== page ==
The reason why Millennia shines is the principles behind this approach. The Titan style of play is very simplistic and broad, helping to create epic tales of how a dead titan's body formed a continent, or how a breath created life. Those mechanics, themes and stories are then elaborated on in the God section, and so forth. As the history becomes more complex, so do the characters and the game systems. The pace of the game is as fast or as slow as the players need or want.

Many games dump a load of rules, tools, and setting materials upon a player, which can make entry-level players feel greatly intimidated. Millennia encourages a natural and intriguing approach that settles players into the world at their leisure and helps them create it as they go. The rules of the game are introduced in-play, one step at a time, reflecting and accentuating the history itself

Millennia might need a bit of work, but it is a gem of a game and was unfairly forgotten in the Threeforged contest. 

Reflective Refreshment Scenes
There are a load of great ideas in last year's Threeforged contest, but the last one I'd like to mention comes from 10 Million AD. Many games include combat and healing, but this game included a healing idea that could be included in almost any narrative-based combat game.

At any time that two or more characters are in a place of relative safety, they may call for a "refreshment scene." During this scene, a character must reveal something about themself that has never been revealed in play before. A secret. A desire. A bit of background. As long is it reveals something about the character and offers conncetion between the participants of the scene.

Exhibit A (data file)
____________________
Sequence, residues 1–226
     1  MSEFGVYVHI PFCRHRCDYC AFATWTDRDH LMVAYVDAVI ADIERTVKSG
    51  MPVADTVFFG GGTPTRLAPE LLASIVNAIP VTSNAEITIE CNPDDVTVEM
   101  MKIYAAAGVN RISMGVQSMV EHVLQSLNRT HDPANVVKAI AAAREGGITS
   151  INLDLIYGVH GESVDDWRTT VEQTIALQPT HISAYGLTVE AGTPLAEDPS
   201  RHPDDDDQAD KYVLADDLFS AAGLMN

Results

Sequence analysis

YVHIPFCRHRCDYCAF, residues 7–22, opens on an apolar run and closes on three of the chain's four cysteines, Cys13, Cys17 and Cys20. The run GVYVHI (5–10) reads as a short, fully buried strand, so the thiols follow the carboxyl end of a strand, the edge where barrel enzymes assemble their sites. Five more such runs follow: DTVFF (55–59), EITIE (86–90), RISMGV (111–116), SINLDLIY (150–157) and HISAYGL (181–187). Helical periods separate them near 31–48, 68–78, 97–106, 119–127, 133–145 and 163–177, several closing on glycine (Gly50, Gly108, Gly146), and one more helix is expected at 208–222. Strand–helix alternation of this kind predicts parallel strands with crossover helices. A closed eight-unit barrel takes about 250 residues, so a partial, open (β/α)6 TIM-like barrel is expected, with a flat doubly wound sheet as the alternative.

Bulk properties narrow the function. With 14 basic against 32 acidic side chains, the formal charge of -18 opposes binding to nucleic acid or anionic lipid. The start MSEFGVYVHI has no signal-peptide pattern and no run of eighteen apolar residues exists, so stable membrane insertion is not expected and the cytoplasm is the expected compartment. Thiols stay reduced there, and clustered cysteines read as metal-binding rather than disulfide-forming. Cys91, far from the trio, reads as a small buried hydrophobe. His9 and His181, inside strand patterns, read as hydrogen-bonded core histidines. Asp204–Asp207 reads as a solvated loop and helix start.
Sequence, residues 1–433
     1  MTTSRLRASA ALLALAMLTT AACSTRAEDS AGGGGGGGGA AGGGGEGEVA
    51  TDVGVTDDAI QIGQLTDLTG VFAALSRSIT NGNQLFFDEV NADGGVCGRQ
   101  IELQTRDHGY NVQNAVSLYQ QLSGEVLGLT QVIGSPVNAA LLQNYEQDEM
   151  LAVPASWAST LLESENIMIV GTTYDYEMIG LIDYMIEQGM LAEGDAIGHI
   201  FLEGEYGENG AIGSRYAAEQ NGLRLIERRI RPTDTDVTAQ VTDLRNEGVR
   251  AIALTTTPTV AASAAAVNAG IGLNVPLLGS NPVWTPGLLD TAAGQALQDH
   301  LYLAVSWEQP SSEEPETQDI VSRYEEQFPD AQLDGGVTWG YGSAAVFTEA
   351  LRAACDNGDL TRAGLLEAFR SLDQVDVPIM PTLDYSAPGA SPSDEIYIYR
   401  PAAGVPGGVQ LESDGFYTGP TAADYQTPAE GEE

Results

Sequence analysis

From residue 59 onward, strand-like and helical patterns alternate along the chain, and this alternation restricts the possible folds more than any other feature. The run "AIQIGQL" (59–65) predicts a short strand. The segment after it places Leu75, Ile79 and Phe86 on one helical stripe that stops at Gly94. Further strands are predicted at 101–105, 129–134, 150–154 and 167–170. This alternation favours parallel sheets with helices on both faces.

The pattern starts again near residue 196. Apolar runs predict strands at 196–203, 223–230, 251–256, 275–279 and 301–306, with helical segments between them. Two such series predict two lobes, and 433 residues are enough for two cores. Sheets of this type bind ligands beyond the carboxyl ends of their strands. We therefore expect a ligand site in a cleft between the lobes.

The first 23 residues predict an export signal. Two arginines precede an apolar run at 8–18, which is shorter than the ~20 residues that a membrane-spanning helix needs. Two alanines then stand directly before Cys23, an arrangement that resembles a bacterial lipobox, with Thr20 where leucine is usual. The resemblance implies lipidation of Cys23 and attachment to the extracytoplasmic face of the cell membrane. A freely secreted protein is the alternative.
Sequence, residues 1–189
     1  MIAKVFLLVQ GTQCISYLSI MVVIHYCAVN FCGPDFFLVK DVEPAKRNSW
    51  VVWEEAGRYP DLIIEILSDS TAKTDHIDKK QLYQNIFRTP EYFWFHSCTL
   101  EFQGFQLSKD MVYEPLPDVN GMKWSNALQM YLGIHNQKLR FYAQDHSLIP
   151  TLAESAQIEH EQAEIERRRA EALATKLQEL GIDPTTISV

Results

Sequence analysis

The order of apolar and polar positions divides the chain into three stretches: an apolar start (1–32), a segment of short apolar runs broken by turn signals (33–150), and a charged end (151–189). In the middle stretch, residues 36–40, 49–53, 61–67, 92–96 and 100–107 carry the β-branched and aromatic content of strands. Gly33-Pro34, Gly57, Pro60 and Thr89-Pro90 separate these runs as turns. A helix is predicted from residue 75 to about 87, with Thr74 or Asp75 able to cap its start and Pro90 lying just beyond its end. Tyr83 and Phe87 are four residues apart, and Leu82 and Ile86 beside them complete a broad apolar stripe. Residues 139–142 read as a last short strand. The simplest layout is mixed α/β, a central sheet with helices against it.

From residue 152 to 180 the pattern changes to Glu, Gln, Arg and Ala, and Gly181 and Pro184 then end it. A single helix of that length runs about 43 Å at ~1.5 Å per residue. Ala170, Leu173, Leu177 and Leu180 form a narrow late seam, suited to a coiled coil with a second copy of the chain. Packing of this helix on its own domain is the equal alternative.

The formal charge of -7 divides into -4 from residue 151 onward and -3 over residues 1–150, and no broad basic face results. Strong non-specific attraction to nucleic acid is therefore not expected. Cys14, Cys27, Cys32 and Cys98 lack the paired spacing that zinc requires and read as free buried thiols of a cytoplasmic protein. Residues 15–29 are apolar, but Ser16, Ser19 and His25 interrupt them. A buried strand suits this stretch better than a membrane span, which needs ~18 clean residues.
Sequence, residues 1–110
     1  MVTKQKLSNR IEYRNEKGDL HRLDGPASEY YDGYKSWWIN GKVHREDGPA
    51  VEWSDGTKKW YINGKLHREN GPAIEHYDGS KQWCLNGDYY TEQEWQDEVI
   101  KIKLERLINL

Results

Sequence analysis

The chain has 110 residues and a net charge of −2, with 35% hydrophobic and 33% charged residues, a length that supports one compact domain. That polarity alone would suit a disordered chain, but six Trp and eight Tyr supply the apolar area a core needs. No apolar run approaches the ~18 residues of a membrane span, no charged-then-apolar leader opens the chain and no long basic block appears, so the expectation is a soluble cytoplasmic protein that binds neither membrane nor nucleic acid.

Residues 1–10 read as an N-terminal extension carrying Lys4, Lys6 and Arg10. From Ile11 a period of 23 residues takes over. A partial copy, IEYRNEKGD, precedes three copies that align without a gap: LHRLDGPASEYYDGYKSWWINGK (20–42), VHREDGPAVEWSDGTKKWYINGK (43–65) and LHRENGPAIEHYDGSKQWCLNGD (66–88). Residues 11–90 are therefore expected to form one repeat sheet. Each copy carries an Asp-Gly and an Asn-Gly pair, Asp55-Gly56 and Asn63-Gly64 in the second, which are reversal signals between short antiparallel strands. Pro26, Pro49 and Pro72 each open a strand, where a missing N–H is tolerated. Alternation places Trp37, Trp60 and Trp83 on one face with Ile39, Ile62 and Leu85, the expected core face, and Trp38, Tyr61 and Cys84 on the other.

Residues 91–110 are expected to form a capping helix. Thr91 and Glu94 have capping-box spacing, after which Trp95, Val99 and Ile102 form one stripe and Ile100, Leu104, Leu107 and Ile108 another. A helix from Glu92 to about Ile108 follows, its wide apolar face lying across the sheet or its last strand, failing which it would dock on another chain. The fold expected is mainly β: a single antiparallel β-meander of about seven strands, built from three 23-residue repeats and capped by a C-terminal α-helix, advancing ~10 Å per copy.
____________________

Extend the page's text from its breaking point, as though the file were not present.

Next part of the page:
At the end of the scene characters heal, restore spell points, gain xp, etc. It encourages roleplaying by giving rewards for acting in-character and also helps break up combat scenes by adding more introspective events between them.

I especially like the idea of including refreshment scenes like this in live action contact larps.

Final Note
All of the games mentioned here can be found on the Threeforged RPG page for last year. I highly recommend checking out all of the games mentioned here for yourself (they are free for download).

And if you do manage to cobble together a monster, make sure you remember who gave you the parts.

(One final final note: the games I've listed are not necessarily my favourite games of the contest, nor even the "best." But they are indeed ones I significantly remember because they contain something special and were otherwise overlooked. Thank you to all the designers for your great work. You can read my reviews of all 103 games here, my personal Top 20 here, and my reviews of the five finalists here.)


  1. I really like the reflection idea!

    1. Same. I think it's generally a great tool to encourage roleplaying and open up those character backgrounds normally so secretly locked away. Especially good for live-action games.